Hi Kiera! This is a great idea and one question that I am always asking just about every photog I ever meet is "How do you meter for your photos?" I'm always trying to ascertain what will be the best way for me so I figure that getting a wide range of opinions will help! Would love to hear your take on it!
I have a question about lighting. I hate to use the flash on my baby's eyes, but the picture comes out too dark otherwise. I have put her in direct sunlight and that will either cause her to squint or it washes her out and creates weird shadows. How the heck do you get great lighting without all the problems. Apparently I'm doing something wrong.
Note: I'm working with a Sony Cyber-shot at this point.
Any help would be awesome! Thanks.
How nice of you to be willing to answer questions! Here's mine: When I recently took some photos of my daughter and son-in-law (it was about 2 p.m. on a very overcast, gray day, and they were wearing dark clothing, if that makes a difference) their faces were often blown out (over-exposed). What should I have done to correct this? I shoot in manual and tried exposing for their faces, but still struggled.
This is a really basic question, but I'm starting at zero here. I've been playing around with the aperture and shutter priority settings on my camera. I understand that in when in A mode, for example, I'm in control of aperture, while the camera will automatically adjust shutter speed. And vice-versa in S mode. So my question is basically why both of those modes exist. In other words, is it just a preference? Like some people just prefer setting exposure via aperture and some via shutter speed? Or do different situations call for one to be manipulated over the other? Like is it easier to calculate that you need a certain shutter speed if you're taking a photo of a moving object, whereas if you're in a low-light setting, aperture is easier to adjust for? I don't know if this question even makes sense.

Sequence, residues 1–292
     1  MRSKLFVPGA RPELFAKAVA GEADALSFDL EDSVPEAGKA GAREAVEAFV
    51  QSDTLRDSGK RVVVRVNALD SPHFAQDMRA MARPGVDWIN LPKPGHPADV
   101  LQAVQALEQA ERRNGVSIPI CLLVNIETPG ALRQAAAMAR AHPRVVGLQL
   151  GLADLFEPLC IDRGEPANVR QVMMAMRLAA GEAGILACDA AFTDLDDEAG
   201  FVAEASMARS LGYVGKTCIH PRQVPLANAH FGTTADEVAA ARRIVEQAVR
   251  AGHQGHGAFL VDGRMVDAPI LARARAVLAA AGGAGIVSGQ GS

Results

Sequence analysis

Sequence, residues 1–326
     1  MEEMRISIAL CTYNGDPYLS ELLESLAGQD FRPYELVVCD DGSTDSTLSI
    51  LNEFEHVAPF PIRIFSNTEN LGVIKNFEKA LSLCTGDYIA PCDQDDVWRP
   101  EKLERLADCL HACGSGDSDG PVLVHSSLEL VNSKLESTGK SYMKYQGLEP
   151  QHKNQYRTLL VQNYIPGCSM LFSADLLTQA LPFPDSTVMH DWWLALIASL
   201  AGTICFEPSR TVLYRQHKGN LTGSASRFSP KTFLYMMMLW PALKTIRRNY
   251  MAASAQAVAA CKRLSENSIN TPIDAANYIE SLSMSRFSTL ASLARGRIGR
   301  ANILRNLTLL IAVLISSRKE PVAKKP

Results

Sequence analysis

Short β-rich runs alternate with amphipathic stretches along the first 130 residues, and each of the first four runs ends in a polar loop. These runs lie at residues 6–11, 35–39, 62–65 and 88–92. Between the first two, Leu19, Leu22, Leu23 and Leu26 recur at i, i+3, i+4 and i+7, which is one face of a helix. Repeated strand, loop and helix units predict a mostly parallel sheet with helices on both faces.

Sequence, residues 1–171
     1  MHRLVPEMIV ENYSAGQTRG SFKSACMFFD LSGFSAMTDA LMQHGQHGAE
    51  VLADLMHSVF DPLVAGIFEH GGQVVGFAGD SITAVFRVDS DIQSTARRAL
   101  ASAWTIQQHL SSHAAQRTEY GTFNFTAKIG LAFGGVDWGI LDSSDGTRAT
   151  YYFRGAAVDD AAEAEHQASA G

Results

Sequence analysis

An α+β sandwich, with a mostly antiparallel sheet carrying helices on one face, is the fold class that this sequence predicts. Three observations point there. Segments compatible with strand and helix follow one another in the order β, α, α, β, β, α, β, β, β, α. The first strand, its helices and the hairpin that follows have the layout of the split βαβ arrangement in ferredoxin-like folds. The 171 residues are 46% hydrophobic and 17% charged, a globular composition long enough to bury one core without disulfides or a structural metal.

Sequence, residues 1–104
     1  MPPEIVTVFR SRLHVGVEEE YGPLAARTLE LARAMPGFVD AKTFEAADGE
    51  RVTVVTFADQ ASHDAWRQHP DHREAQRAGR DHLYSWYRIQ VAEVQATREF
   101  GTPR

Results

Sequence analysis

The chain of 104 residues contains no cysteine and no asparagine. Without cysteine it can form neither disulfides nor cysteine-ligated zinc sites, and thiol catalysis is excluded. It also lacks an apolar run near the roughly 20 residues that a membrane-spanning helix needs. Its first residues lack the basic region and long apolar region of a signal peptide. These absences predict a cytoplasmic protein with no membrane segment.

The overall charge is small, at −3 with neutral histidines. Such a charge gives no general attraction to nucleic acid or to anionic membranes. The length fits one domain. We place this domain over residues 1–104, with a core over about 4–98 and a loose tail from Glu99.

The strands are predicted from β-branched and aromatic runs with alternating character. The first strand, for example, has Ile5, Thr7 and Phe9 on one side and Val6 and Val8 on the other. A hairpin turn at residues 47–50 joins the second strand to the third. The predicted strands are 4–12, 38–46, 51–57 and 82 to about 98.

I have another one too--how do you make sure that two faces on the same plane are in focus? And where should I lock focus when I'm taking a photo of two or more people?

Thanks, Kiera!
These are awesome questions so far! I'm really excited to share what I know (and research what I dont know in some cases). Keep the questions coming for now and I will do a separate blog post with answers in a day or two...

Thanks for joining in on the discussion. :)
OK these questions are great I am truley starting from ground zero. I have always loved taking pictures I finally have a camera that is worth spendig the time figuring out. I am extremely overwhelmed. I could use any basic tips you can give. I have played around with it a ton and have read the manual. BUT... much like some of your other questions the lighting never seems to be right, I'm not sure which mode is best for which setting, and to be honest I would love to take a photo of my kids where they are in focus and the background is not. HELP! (I may require a one on one ;))
so jealous. i so wanted to go, but they were full. sad for me.